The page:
|Your survey is not flexible
enough to reflect my actual usage. I work as a consultant
in a group doing Microsoft-based custom application
development and systems integration for multiple
clients. My colleagues and I actively use VB6 and
.NET (VB.Net, C#, and ASP.NET; .NET Framework 1.0
and 1.1; Visual Studio 7.0 and 7.1). Furthermore,
I find clients are also using VB6 for support and
extension of legacy COM+ as well as doing new development
in VB.Net, C# or even J2EE.
|It is like I have heard from a lot of people that
used VB6 extensively: Why would you use VB.NET when
you have Java? VB6 filled a niche - there was nothing
else like it. Sure it did not have classes, overloading,
and so on - but if anyone was and is going to need
objects, we have and will use a true OO language,
like Java or even C++
|I think MS is making a mistake
'forcing' developers into the .Net corner. It might
cause their 'loyal' developers to junk VB and go
with Java. If I need to learn a 'new' VB, I might
as well learn Java.
|We will probably try to migrate to VB .Net later
this year. If it wasn't so steep a learning curve,
we would try to move to it for my current project.
|I haven't switched to VB.net
since I don't work in a multi-member development
team which VB.net seems to have an advantage. Using
VB6 in a single developer environment allows me
to produce significant windows programs in a very
short period of time.
|We cannot justify the man months to upgrade our
app to vb.net. We need the ability to run VB6 code
directly in vb.net...fat chance!
|VB.NET offers limited benefits
1. cost of re-training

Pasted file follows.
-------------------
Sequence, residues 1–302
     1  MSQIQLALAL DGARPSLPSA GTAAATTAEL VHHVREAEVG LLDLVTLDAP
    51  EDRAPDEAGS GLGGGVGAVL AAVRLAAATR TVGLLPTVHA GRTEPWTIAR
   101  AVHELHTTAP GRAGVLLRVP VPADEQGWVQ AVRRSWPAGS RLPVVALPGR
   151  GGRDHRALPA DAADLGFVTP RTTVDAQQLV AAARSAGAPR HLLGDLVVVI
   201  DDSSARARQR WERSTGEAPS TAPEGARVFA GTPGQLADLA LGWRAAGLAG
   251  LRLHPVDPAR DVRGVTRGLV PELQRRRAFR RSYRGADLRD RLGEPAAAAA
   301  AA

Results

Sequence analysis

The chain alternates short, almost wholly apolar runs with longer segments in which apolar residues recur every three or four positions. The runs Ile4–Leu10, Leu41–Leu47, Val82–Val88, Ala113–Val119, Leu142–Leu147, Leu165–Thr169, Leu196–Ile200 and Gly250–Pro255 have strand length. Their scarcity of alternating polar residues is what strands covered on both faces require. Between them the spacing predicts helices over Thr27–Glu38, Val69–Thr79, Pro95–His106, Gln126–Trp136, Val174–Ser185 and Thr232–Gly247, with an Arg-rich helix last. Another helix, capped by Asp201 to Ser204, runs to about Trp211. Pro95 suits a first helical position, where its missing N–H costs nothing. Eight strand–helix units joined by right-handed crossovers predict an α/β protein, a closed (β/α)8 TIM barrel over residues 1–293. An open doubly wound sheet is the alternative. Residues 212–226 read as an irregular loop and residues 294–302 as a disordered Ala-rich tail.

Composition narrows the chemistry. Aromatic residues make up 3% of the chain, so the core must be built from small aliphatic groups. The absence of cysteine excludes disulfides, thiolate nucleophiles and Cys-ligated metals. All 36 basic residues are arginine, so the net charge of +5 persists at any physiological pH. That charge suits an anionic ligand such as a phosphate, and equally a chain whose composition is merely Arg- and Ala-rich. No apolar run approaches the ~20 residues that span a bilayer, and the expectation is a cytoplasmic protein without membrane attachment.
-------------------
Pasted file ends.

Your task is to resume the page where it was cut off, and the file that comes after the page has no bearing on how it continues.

2. effort to rewrite existing base
3. effort to support dual platforms with one platform
Why won't MS take a VFP type approach (enhancements
w/compatibility) to VB vs. huge change? VB.NET is
just C# with a different syntax. Let VB be VB (hint:
the B stands for BASIC). MS missed or is missing
marketplace for development tools for average (hint:
BASIC) development previously held by VB. I understand
and appreciate all the cool VB.NET technical features
- BUT!!!! - where's the real world ROI? For small
and medium businesses I just don't see it.
Speaking as CTO of a 15 year software development
firm, MS needs a VB 7.0 that builds a BRIDGE to
VB.NET vs. the huge chasm they've created between
VB 6.0 and VB.NET.
Happy to discuss my thoughts further.
Malcolm Greene, CTO
|If only VB.NET wasn't so incredibly different
for the kinds of projects we need to create, we
would have converted already. We use Crystal Reports
integration heavily, and many of our projects are
1-3 day custom reports/utilities for customers.
I develop many products as well, that range in size/complexity.
|I would like to hear the advantages
of moving to .net.
|I hate .net!! There is too much stuff and it takes
too long to create a simple project! It is also
hard to make sure it works on other servers. I will
go to another product before I go to .Net.
|we are currenlty using both
vb6 and vb.net, that should be an option for the
|Our projects usually involve interfacing computer
systems running VB programs to industrial sensors/measuring
systems. These require little in the way of internet
|We do new development in VB.Net
but it is not feasible to move our entire suite
of applications developed in VB6. Lack of complete
migration tools hampers our efforts.
|I use both VB6 & VB.Net, I still like VB6 very
|Yes dotnet is the future but
vb6 is the present
|Pretty much for network intensive projects, we
find PowerBasic's built in networking functions,
which support both inline and callback (object oriented)
network models, is superior to any other language.
It also supports in-line Assembly and of course,
like other languages, has no problem allowing direct
API/SDK access. And it usually compiles to smaller
binaries than any high-level language.
|Would love to learn .NET but
time is scarce
|VB6 is now a very old programming language, but
if you use
Win32 API and a little hooking and subclassing,
you can achieve almost anything - when programming
Windows based applications. The embedded ActiveX